“They’re able to make a solid electrolyte using a roll-to-roll process–that’s their strength,” says Sudipta Seal, director of the Advanced Materials Processing and Analysis Center at the University of Central Florida. The Florida center has independently verified the conductivity of Planar Energy’s electrolyte, which is as high as that of the liquid electrolytes used in today’s lithium-ion batteries. “The data show that the materials performance is very good,” says Seal.
The key to Planar’s technology is its printing process, says CEO Scott Faris. The advantage of vacuum deposition is that it’s possible to make very high-quality films, which result in materials with higher conductivity. Normally, this film quality is difficult to match using roll-to-roll processes.
Faris says Planar’s process is driven by chemical self-assembly. As chemical precursors stream onto the surface of a rolling metal or plastic substrate, they react with one another to form a network of nanoparticles. The company has adapted this self-assembling chemistry to make both the electrodes and the electrolyte.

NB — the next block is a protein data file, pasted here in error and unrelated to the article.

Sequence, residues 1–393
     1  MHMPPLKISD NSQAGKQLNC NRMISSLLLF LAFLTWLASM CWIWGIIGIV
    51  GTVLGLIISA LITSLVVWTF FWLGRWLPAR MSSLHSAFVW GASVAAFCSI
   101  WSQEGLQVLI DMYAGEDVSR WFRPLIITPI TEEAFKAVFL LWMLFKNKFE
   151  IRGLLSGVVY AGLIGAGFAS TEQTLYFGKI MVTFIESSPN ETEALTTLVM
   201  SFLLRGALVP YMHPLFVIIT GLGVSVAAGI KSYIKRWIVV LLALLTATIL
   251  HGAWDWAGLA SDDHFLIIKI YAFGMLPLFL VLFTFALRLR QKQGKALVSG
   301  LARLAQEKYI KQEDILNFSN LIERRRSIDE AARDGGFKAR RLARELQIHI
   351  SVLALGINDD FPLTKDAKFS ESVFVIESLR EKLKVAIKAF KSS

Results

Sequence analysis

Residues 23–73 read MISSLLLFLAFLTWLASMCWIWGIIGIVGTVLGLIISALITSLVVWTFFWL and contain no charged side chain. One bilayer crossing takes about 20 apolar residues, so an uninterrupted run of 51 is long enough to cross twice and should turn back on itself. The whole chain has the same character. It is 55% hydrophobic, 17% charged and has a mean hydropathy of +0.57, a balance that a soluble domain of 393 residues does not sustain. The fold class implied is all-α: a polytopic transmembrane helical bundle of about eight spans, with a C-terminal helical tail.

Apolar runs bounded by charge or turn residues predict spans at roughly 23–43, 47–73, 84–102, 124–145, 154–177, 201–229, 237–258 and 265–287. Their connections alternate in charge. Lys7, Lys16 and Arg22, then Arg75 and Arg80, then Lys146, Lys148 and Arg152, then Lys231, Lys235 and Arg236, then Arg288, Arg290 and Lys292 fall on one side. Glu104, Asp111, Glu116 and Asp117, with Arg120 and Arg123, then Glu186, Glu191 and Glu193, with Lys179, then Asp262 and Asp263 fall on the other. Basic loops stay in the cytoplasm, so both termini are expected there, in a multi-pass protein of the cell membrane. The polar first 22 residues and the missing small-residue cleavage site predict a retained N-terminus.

“These batteries have many of the same attributes as thin-film batteries, but can be packaged in large formats,” says Roland Pitts, a senior scientist at NREL who has agreed to join the company. Planar Energy is developing three different battery chemistries. One of them combines lithium manganese oxide with other ions, and operates at about three to five volts with a charge capacity of 200 milliamp hours per gram. Pitts says this compares favorably with lithium cobalt oxide–a high-energy, high-power battery chemistry currently on the market.
Faris says the company plans to build its pilot line next year, and will start by making batteries for portable electronics to prove the viability of the printed solid-state batteries. In the long-term, he says, solid batteries have the potential to scale to automotive batteries. “We want to leapfrog current technologies and push onto something better,” says Pitts of Planar’s goals.